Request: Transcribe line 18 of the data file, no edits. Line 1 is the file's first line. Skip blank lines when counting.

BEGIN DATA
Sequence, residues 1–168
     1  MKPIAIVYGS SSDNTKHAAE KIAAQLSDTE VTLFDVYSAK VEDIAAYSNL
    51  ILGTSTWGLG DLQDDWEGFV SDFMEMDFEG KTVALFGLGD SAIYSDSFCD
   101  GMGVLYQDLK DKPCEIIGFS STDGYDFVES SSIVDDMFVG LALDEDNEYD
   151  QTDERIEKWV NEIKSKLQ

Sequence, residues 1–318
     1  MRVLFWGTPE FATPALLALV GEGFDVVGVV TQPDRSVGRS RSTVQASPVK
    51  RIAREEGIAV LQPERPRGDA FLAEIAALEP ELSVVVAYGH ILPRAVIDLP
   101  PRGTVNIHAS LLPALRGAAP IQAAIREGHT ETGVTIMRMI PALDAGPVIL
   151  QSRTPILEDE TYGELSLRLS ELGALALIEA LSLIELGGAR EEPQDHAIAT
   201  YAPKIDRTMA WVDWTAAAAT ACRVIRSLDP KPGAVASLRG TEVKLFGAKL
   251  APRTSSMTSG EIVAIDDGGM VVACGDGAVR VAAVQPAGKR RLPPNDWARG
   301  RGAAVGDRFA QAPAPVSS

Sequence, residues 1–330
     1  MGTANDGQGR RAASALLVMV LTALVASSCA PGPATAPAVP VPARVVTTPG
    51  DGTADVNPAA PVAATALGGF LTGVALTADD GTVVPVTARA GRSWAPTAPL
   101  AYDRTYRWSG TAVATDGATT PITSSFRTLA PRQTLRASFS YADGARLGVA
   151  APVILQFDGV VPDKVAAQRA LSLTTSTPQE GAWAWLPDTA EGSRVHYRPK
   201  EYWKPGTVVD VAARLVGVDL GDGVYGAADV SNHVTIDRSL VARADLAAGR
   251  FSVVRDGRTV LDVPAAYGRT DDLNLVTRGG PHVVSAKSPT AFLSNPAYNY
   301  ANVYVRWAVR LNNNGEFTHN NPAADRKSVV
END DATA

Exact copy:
   151  APVILQFDGV VPDKVAAQRA LSLTTSTPQE GAWAWLPDTA EGSRVHYRPK